Article thumbnail

Computational Models for Trapping Ebola Virus Using Engineered Bacteria

By Daniel P. Martins, Michael Taynnan Barros, Massimiliano Pierobon, Meenakshisundaram Kandhavelu, Pietro Lio' and Sasitharan Balasubramaniam

Abstract

The outbreak of Ebola virus in recent years has resulted in numerous research initiatives to seek new solutions to contain the virus. A number of approaches that have been investigated include new vaccines to boost the immune system. An alternative post-exposure treatment is presented in this paper. The proposed approach for clearing Ebola virus can be developed through a microfluidic attenuator, which contains the engineered bacteria that traps Ebola flowing through the blood onto its membrane. The paper presents the analysis of the chemical binding force between the virus and a genetically engineered bacterium considering the opposing forces acting on the attachment point, including hydrodynamic tension and drag force. To test the efficacy of the technique, simulations of bacterial motility within a confined area to trap the virus were performed. More than 60% of the displaced virus could be collected within 15 minutes. While the proposed approach currently focuses on in vitro environments for trapping the virus, the system can be further developed into the future for treatment whereby blood can be cycled out of the body into a microfluidic device that contains the engineered bacteria to trap viruses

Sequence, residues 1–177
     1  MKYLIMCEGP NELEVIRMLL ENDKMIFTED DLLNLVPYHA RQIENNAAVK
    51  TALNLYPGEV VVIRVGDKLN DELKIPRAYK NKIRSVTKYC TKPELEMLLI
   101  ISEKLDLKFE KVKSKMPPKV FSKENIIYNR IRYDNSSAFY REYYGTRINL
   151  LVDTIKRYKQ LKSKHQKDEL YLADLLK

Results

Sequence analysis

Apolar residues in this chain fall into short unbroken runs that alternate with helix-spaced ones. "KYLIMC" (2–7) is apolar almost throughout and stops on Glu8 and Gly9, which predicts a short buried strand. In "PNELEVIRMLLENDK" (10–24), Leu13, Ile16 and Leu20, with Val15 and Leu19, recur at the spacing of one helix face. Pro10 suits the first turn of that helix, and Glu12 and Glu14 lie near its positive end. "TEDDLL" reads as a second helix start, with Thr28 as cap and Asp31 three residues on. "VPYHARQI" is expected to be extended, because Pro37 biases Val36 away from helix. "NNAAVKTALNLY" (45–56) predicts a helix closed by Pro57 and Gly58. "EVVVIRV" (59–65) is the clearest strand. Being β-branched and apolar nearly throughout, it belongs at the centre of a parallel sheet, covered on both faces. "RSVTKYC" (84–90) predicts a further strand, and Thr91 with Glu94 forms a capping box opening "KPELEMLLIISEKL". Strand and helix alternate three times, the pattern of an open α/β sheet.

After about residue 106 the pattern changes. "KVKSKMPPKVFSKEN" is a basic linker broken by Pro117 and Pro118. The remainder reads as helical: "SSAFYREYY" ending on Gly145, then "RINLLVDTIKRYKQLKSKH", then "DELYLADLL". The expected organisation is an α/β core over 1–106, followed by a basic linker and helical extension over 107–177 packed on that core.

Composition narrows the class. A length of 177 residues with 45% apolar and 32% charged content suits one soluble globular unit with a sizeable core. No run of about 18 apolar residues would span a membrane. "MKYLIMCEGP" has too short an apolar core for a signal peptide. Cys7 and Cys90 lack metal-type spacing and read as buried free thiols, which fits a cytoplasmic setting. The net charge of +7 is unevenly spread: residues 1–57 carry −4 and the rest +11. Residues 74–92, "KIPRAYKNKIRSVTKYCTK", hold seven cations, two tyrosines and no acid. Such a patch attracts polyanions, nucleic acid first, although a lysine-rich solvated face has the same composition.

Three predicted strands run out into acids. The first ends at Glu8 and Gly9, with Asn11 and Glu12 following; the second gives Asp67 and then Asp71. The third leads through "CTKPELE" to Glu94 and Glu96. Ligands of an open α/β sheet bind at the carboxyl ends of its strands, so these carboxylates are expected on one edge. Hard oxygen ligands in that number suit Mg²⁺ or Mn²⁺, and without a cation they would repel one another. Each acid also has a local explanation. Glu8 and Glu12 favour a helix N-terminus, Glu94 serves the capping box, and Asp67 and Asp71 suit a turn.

Topics: Telecommunications Software and Systems Group
Year: 2018
DOI identifier: 10.1109/TCBB.2018.2836430
OAI identifier: oai:repository.wit.ie:3337
Provided by: WIT Repository
Download PDF:
Sorry, we are unable to provide the full text but you may find it at the following location(s):
  • http://repository.wit.ie/3337/ (external link)
  • http://repository.wit.ie/3337/... (external link)
  • Suggested articles


    To submit an update or takedown request for this paper, please submit an Update/Correction/Removal Request.